Aside from being 1.7 inches wider than the outgoing E92 3 Series Coupe the rear track has been expanded by a massive 3.1 inches – wider than the soon-to-be-replaced E9X M3 – the 4 Series sits just a bit lower too for center of gravity. It’s astounding how BMW has progressed the overall performance of the F32 juxtaposed to the E92. Pouring the coupe into corner after corner the rear just grips and thanks to a communicative chassis, the whole car just exudes confidence never feeling as though it could put a wheel wrong. After a bit of time and familiarity the 2014 BMW 428i felt easy to balance and place just where I wanted it, perhaps alluding to a bit more feedback and poise compared to its somewhat more conservative 3 Series counterpart.



As we left the many switchbacks of Route 11 and again descended into a valley floor I found that while everything seemed to be gripping way out back of the coupe, everything was singing up front. The pairing of the N20 four-cylinder engine and 4 Series chassis is a potent one. We found that between 2nd and 3rd gear and about 30mph to 60mph the little 2.0 liter turbo would just hurtle the luxo-two door down backroads.

Paired with the lightning-sharp accurate 8-speed ZF automatic gearbox and things got better and better. The ZF managed to never get in the way of what I was trying to do – whether it be to hold a gear to the last RPM or to simply slip into a more comfortable pace and slink through traffic – the gearbox just felt right.


The BMW 4 Series Coupe felt very competent in that it could easily be peeled into a corner before, thanks to the peaky N20, be thrust down the road only to have the throttle once more pull us out of a corner – all while rapidly firing off gear changes via the steering wheel-mounted paddles (which thankfully now reflect upshifts via the right paddle with downshifts on the left paddle ala M cars). We certainly put the cobalt blue M Sport brakes to the test that day. Brake feel overall was strong and, not unlike the chassis, proved confident whenever put to the test though it is difficult to comment on any massive improvements over the standard brakes at $650 less than our optional, blue-calipered brakes.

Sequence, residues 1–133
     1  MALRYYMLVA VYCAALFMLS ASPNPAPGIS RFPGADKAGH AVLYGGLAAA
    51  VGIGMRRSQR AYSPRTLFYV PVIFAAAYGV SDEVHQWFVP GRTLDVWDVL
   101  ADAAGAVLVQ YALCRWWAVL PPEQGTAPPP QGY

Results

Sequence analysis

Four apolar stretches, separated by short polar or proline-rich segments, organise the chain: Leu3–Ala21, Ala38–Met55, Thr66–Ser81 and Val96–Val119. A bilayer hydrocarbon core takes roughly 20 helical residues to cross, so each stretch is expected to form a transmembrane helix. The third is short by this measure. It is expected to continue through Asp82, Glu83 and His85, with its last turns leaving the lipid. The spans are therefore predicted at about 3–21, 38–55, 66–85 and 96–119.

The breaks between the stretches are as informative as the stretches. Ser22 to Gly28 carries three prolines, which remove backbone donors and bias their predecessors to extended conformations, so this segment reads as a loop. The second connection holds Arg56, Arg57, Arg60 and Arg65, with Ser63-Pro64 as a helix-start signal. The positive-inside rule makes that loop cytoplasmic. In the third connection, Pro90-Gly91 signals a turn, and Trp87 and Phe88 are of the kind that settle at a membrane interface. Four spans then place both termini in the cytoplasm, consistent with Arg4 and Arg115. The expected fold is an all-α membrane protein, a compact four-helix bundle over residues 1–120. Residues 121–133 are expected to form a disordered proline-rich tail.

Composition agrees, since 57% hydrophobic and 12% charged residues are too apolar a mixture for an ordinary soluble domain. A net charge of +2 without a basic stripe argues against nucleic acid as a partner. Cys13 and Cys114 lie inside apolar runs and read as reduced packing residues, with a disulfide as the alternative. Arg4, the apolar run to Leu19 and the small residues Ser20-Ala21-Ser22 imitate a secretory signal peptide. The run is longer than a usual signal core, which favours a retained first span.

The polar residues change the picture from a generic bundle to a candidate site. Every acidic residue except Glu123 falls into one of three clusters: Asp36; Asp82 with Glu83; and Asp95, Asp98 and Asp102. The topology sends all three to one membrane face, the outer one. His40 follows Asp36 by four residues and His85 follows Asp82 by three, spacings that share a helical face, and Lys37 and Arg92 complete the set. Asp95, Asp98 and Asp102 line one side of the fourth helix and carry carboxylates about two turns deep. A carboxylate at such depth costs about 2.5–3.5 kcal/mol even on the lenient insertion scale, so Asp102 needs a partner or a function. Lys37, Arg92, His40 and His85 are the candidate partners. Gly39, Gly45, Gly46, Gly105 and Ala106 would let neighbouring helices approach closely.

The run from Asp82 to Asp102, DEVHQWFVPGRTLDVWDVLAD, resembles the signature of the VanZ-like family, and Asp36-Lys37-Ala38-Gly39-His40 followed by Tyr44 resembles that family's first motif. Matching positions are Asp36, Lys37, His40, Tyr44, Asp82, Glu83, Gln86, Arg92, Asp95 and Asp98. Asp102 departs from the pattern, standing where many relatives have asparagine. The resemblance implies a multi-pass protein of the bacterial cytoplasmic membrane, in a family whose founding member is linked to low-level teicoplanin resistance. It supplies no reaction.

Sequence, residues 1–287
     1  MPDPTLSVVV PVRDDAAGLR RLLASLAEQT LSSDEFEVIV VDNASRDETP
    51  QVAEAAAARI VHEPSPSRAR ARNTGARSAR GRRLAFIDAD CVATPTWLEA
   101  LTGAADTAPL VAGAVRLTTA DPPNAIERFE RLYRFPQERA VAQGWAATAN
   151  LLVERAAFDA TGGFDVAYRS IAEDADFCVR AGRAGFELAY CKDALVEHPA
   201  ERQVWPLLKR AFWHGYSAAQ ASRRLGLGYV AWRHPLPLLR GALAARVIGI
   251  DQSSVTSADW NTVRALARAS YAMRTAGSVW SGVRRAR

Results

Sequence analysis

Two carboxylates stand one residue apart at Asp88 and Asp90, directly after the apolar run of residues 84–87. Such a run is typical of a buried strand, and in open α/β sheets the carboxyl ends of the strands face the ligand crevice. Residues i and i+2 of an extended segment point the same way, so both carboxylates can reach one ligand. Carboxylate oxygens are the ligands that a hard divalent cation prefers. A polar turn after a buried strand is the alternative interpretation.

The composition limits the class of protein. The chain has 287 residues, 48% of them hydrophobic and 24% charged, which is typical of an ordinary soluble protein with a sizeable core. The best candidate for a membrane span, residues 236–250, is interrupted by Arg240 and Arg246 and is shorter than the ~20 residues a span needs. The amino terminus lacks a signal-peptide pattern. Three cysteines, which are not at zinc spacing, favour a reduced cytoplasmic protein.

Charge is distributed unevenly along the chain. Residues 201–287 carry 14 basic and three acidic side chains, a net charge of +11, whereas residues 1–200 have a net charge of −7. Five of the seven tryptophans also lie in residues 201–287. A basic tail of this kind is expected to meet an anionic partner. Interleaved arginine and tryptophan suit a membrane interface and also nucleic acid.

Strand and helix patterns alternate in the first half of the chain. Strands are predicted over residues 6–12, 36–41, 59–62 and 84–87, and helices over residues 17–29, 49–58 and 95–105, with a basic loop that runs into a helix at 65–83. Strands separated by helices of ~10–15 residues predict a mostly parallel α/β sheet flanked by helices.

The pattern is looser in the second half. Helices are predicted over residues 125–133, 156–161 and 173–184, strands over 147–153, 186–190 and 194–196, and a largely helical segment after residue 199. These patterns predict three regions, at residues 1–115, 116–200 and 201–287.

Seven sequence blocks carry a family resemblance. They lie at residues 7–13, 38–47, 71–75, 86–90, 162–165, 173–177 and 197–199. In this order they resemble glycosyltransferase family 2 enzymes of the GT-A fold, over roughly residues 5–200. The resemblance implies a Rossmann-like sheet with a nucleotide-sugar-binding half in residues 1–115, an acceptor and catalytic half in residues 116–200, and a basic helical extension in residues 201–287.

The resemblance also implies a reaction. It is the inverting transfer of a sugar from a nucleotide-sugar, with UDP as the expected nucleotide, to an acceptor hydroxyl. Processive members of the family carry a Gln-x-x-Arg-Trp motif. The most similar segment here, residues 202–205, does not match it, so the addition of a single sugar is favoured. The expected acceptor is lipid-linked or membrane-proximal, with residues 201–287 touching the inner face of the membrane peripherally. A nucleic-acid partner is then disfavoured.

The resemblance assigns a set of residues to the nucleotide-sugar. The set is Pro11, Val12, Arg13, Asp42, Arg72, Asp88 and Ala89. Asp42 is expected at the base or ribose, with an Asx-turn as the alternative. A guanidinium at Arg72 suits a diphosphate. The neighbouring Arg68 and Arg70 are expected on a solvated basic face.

Stopping at the last rally spot and getting late in the day, the sun began to slip behind the mountains around Seattle and a warm, orange glow surrounded us we loaded up and hit the road again heading for I5 to take the fastest route back to the hotel. After a few minutes of great progress, I found myself hurling expletives as a sea of deep red brake lights began to play out ahead of us. We spent the next 45+ minutes snaking through Seattle-bound traffic with the car set to ECO PRO mode. This locked our throttle response into a dulled sense while reeling in the 8-speed gearbox to execute shifts at much lower RPM. During this little jaunt we reflected fuel economy of just a hair over 29 miles per gallon. Impressive to say the least.



Arriving back at the hotel, I came to the realization that the 4 Series might just be the best car BMW currently has on sale. While I didn’t get a chance to try the 435i, I can honestly say that the 428i coupled with the absolutely killer 8-speed automatic will provide more smiles than you’ll know what to do with for most people. It’s rewarding in its communicative chassis, the diminutive yet punchy powertrain and it is just fun enough at low speeds to not get you arrested unlike faster, more expensive coupes such as the 650i.

Should I Buy One?

Interestingly, I came away for the first time ever thinking that I could see myself buying an automatic BMW and being entirely happy with it. I enjoyed N20 and 8-speed gearbox combo that much. The 4 Series feels like a car that is more than the sum of its parts – something that felt a bit lacking in the previous generation of the midsize BMW coupes.

Call it a 4 Series, call it a 3 Series, call it the 4 sDrive28i, call it the 420i M Sport – I don’t care what you name it – but BMW, please keep building cars like this.